Twitter, not Facebook, is a purer implementation of a demand generation channel. Facebook does many things well, but Twitter is unique in its ability to be a vital part of the experience whether going to a conference, traveling, or listening to a song.

    Mark my words: you will still need media to “interrupt” people out of their daily reverie, with the ability to “drill down” or “telescope” into other behaviors, as per Charlene’s POST methodology. What will change will be the economics of interruption, and this is where Twitter beats web-based social networks.

    After all, the uber-precise targeting capabilities of Facebook are not an efficient use of a brand’s media budget: there are only so many ways to reach a mass audience even if there were proven, automatable targeting capabilities. In comparison, it’s easy to find and influence like-minded followers in Twitter as evidenced by retweeting, Twitter’s ability to rapidly coalesce and evangelize a meme.

    As always, the marketer’s challenge is to find environments that are used by a sufficiently mass audience for daily activities, where advertising messages are a welcome part of the flow.

  • Phill Brufkin | May 30, 2010

    Social media is another marketing tool and should be treated as such. So, beyond what was talked about, the same type of strategic rigor and marketing planning that is applied to any communication program should be done so for social media to most effectively advance business.

    Phill Barufkin is a strategist, planner and researcher who works with businesses to deploy integrated marketing programs.

  • Daniel Roberts | August 9, 2010

    It’s interesting to me to see how short social media falls in so many ways. Even if you go through the ever popular socialnomics video and find the sources, you’ll see how much of that was embellished.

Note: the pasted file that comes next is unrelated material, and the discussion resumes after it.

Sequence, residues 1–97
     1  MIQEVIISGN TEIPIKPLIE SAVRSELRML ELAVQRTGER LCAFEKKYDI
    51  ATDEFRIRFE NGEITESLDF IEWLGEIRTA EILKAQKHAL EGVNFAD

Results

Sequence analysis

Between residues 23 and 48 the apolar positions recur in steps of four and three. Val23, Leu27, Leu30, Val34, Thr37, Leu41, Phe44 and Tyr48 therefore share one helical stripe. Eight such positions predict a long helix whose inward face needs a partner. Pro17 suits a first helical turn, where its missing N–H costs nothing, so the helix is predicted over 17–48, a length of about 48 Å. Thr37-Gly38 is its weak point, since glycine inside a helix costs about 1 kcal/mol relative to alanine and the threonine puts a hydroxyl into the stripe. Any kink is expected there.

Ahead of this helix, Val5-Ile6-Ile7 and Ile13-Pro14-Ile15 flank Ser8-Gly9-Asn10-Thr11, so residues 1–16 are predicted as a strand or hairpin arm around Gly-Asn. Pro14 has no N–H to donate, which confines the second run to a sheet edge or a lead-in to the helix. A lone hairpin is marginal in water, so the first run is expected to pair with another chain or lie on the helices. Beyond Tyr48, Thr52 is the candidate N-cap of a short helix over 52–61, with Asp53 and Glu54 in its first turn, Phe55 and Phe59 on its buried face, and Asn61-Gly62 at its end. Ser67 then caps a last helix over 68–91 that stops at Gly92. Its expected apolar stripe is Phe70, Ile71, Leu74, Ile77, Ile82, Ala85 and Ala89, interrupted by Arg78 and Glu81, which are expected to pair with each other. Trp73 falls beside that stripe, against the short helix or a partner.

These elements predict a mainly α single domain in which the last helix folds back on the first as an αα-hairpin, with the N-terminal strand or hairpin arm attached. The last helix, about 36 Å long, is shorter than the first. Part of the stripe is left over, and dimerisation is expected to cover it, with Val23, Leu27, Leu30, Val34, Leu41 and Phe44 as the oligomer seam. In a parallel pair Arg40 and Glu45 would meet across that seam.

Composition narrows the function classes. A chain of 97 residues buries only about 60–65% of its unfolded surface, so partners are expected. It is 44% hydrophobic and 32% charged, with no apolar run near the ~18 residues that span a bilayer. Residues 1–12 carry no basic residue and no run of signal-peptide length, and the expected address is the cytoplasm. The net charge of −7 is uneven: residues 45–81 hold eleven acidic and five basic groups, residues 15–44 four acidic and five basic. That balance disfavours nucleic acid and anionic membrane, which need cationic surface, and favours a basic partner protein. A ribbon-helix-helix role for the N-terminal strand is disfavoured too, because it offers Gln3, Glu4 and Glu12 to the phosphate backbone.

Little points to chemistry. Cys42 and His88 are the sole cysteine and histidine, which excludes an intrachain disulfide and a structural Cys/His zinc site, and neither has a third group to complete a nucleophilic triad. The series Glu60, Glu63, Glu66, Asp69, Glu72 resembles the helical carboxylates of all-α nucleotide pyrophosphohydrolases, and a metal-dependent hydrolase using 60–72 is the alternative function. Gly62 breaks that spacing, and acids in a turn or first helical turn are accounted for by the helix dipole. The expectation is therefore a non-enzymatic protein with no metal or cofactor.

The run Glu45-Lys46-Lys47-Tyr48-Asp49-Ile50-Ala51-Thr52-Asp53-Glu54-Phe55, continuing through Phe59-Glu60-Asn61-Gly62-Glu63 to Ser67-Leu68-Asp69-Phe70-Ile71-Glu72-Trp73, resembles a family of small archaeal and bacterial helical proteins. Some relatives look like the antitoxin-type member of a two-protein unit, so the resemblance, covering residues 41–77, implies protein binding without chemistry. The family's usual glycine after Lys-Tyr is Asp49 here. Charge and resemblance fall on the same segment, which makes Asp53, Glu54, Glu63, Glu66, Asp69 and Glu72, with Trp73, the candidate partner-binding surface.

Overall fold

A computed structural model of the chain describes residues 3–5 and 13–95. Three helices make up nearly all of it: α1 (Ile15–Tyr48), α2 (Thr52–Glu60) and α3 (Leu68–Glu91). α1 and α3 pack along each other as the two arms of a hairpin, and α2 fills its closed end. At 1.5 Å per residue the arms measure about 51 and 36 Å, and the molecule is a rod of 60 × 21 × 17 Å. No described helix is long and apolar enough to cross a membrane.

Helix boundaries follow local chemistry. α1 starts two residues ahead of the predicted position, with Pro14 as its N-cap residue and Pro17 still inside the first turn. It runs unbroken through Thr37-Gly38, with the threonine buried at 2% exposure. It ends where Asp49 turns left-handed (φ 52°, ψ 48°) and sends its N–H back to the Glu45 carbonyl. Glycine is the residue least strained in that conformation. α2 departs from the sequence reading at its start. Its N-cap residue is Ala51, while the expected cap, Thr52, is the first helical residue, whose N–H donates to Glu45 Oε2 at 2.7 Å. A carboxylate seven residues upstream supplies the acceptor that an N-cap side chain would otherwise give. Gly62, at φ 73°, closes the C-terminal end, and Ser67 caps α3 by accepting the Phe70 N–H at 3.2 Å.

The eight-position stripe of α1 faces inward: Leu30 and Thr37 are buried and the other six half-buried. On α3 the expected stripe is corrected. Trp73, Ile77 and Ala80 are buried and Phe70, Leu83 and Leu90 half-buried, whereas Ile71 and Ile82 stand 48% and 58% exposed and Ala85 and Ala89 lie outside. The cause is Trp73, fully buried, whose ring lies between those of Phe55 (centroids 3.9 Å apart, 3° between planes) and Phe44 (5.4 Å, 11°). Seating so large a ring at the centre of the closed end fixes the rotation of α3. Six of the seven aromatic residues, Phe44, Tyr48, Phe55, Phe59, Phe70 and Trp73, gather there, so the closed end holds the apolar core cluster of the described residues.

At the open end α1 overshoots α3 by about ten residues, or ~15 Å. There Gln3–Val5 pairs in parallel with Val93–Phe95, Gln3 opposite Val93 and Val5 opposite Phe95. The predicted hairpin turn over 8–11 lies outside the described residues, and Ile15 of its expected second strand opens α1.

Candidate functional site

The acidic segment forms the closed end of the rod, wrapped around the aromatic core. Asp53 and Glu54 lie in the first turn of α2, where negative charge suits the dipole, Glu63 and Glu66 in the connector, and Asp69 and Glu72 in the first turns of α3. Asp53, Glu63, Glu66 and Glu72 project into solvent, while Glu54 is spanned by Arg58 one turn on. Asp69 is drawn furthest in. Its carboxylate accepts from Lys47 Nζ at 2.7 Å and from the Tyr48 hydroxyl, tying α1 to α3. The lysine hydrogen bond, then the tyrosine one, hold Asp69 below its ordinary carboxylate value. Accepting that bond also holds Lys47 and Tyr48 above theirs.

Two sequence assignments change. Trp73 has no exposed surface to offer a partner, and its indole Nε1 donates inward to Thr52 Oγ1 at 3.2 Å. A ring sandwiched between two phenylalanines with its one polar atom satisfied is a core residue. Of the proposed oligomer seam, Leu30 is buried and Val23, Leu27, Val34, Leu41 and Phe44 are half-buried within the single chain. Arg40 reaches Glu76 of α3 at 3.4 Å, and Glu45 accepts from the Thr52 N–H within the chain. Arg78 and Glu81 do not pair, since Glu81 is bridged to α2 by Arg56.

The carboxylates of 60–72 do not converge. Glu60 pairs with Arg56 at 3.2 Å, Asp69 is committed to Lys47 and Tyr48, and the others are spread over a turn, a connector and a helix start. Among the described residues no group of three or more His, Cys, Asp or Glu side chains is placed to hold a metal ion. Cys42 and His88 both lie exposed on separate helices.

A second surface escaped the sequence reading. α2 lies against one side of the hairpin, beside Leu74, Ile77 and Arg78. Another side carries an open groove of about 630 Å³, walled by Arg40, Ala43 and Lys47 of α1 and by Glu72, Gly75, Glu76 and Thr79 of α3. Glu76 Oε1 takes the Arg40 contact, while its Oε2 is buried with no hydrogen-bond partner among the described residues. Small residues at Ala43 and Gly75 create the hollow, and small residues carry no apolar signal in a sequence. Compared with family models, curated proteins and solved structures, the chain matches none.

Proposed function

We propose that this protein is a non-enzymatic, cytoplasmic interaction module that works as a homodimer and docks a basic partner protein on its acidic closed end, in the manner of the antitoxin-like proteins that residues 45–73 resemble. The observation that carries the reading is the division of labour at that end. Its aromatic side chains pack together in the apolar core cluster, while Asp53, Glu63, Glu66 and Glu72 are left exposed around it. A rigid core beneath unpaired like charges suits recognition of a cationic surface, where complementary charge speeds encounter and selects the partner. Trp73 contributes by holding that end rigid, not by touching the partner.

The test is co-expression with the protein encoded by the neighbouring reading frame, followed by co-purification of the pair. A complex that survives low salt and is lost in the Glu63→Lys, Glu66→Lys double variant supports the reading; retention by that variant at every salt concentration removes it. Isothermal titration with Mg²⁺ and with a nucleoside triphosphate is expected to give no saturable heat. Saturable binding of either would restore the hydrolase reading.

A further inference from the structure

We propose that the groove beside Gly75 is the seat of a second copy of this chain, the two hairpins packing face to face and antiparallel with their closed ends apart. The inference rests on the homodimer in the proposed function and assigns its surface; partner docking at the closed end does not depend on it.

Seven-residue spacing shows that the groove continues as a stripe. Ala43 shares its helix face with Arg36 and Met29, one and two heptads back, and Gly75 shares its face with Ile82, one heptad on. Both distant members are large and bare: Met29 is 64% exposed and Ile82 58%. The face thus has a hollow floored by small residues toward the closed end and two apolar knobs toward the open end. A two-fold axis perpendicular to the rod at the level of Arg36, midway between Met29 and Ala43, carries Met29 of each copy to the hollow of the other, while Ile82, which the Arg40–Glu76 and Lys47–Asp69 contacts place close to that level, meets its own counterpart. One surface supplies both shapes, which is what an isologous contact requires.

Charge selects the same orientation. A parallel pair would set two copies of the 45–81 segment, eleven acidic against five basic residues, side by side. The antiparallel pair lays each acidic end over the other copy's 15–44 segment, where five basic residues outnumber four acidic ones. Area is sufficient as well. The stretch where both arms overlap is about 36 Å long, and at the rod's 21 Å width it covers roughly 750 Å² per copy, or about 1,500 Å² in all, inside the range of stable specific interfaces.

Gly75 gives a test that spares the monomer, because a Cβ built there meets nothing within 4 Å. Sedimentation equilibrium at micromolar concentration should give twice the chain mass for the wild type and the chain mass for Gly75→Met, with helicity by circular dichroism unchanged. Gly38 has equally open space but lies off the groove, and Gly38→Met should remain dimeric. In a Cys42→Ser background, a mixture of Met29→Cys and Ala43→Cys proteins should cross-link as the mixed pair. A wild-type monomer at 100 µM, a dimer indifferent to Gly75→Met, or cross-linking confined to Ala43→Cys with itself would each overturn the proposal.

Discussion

Not to say social media doesn’t have it’s business uses. I use it constantly to stay in front of people I already know and to make new connections. It’s just not the magic bullet that it is often made out to be.

  • Phill Barufkin | October 1, 2010

    Social media is another marketing tool and should be treated as such. So, beyond what was talked about, the same type of strategic rigor and marketing planning that is applied to any communication program should be done so for social media to most effectively advance business.

    Phill Barufkin is a strategist, planner and researcher who works with businesses to deploy integrated marketing programs.

    - Posted By Phill Barufkin

  • Paddu G | October 8, 2010

    While over two years have passed after this article was written, the overall direction of marketing remains the same: leveraging social media channels. Obviously some tools and granular tactics might have changed. However, when more and more companies get on to the social media bandwagon, this channel will also become crowded. And consumers have to be disrupted for marketing.

    Take the case of Dell or Comcast. When blogs and twitter were new, someone at the top took notice and addressed the issues. Imaging millions of their customers hitting the blogs and twitter! If they cannot service a customer through a well equipped service center, they cannot service them through social media too. It is a matter of time before they get overwhelmed. In fact, already some companies have started fighting their unsatisfied customers when they publish unwanted comments on blogs!